Outside of the country, Philip has been awarded the Casas de las Américas prize, a Guggenheim Fellowship and most recently the PEN/Nabokov Award for Achievement in International Literature. But within Canada, celebration of her work has been significantly lacking. Writing for the Walrus, Paul Barrett says that Philip's 2008 collection Zong! "was mostly ignored by Canadian critics despite being praised around the world." And her relevant critical works have not been referenced in recent debates around cultural appropriation and anti-Black racism in Canadian literature. Barrett writes: "While many of her contemporaries have taken up comfortable positions as creative writing instructors or editors in publishing houses, Philip has yet to find prominent footing in the larger CanLit scene." It is heartbreaking but not surprising then that Philip describes herself in Blank as a "disappeared writer."
Philip's experience is a frustrating illustration of how Canadian institutions and industries work to silence certain voices. Rather than a sudden violent intervention, this is an example of the long game, where subtle methods are deployed to discredit and disappear those who disrupt the status quo.
Desmond Cole quits the Toronto Star
In 2015, Desmond Cole's award-winning cover story for Toronto Life became a national talking point. The piece poignantly outlines the experience of living as a Black man who had been stopped by the police more than 50 times. With an explosion in social media followers, countless speaking requests and a weekly column in the Toronto Star, Cole used his expanded platform to highlight incidents of injustice and decry the myriad forms of anti-Black racism in Canada.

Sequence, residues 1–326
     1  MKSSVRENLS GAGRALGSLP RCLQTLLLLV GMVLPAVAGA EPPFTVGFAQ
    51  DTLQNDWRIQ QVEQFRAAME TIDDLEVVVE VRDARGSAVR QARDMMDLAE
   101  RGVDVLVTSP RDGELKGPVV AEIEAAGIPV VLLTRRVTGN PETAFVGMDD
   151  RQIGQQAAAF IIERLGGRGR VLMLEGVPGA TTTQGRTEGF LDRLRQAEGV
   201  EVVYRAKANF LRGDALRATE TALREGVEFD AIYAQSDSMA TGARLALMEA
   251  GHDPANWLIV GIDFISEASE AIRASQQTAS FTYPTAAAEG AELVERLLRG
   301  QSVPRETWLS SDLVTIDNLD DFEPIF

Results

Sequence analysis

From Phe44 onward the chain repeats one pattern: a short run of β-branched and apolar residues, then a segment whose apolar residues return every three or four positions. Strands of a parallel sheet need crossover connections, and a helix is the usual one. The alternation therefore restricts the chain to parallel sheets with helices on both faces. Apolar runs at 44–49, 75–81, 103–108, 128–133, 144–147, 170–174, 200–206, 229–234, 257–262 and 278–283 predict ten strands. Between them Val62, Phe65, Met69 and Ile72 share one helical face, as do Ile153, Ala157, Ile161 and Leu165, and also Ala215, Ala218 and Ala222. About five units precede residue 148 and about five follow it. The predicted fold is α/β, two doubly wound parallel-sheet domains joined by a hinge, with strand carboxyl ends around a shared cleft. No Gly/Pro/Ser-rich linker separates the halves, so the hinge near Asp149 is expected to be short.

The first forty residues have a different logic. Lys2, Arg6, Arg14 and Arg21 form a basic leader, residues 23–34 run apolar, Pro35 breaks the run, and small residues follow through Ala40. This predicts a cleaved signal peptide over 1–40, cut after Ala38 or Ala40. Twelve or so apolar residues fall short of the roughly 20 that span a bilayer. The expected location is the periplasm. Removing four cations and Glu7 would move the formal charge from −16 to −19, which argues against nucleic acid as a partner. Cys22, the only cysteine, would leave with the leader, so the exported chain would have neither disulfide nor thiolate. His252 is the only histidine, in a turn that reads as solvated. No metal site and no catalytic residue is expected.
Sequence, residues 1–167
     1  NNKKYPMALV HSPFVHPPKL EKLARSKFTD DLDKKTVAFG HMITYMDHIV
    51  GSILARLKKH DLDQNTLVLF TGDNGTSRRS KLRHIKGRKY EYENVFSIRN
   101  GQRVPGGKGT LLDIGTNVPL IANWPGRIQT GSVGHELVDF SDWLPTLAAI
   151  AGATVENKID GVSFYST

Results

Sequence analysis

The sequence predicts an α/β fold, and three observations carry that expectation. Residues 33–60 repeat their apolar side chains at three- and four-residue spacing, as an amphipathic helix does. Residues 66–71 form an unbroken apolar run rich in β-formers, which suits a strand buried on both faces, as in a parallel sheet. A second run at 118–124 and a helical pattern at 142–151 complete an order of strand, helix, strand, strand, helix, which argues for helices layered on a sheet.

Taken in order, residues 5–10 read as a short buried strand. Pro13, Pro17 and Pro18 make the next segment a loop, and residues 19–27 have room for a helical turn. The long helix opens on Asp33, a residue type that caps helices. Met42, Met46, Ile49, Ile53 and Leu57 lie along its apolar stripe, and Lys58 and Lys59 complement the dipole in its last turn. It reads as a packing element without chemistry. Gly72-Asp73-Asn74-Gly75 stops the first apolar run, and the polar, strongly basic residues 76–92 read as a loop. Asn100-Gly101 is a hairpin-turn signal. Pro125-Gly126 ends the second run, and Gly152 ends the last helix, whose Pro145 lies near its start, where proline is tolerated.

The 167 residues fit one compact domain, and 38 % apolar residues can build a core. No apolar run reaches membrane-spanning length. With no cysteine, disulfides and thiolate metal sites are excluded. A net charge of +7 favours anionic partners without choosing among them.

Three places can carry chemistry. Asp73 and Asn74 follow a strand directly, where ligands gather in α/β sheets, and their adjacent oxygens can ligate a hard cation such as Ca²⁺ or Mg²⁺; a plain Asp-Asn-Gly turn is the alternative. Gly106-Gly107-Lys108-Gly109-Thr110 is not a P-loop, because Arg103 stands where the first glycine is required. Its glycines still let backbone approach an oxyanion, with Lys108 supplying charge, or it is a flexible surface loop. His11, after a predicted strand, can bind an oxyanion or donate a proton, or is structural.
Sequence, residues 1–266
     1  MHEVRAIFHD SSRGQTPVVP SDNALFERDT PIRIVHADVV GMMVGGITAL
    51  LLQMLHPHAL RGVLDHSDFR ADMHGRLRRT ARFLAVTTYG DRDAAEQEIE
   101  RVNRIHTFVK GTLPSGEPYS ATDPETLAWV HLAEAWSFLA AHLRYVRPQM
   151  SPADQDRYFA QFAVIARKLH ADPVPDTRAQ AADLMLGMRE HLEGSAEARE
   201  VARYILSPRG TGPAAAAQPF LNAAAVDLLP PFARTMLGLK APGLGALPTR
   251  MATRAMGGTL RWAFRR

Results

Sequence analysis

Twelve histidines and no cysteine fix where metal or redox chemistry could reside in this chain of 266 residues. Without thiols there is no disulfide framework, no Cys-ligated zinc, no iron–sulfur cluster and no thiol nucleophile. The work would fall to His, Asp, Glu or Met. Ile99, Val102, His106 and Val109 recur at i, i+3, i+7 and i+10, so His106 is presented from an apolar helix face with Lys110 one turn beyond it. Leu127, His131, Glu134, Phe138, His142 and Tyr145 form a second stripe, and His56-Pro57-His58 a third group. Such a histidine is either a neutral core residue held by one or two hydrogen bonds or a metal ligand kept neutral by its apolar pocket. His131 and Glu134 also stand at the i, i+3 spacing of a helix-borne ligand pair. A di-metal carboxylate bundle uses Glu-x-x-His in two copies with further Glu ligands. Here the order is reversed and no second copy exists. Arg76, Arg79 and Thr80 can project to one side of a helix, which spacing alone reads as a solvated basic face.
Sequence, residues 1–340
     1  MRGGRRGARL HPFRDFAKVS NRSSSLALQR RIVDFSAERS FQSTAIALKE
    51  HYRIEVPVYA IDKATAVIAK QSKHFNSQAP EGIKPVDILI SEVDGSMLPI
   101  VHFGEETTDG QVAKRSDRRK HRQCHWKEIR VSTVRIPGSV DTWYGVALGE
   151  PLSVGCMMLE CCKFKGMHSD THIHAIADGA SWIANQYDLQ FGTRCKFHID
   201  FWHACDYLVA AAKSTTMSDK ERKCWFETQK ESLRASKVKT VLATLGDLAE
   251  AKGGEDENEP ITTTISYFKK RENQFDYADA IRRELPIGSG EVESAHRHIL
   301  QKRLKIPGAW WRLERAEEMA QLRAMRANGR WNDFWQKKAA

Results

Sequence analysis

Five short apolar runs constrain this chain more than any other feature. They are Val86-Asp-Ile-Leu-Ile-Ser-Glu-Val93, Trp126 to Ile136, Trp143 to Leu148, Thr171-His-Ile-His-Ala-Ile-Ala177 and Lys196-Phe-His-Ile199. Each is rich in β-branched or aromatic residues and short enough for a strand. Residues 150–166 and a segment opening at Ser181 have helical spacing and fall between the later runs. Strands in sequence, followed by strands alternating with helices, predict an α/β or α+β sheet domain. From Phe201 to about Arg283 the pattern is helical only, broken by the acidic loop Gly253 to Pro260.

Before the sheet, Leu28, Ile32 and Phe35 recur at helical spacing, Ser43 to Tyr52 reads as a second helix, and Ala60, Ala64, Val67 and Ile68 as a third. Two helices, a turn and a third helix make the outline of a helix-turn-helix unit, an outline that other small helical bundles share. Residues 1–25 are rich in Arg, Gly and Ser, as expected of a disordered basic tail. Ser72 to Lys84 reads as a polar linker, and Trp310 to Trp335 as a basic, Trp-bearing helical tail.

After protesting a Toronto Police Services Board meeting in 2017, Cole was called in to speak with his editor at the Star. He was told his actions had been a violation of the newspaper's rules on journalism and activism. Later, the paper made a public statement: "It is not appropriate for Star journalists to play the roles of both actor and critic."
Although there was no overt disciplinary action against Cole, a message was clearly being sent. Prior to meeting with his editor, Cole's weekly column had been cut in half. (He says "budget struggles" were cited as the reason.) Cole also says that during a meeting with the chair of Torstar Corp. a year earlier, he was told he was "writing about race too often." At that time, it was suggested that he "diversify" his topics.
Cole ultimately decided to leave the Star, writing on his blog: "If I must choose between a newspaper column and the actions I must take to liberate myself and my community, I choose activism in the service of Black liberation."
His profile as a dedicated activist, combined with social media savvy, enabled him to find other platforms. For five years, Cole has hosted a weekly radio show on Newstalk 1010 radio. His work is featured in a CBC documentary and, perhaps most notably, he published his first book (a national bestseller) earlier this year. Both are titled The Skin We're In.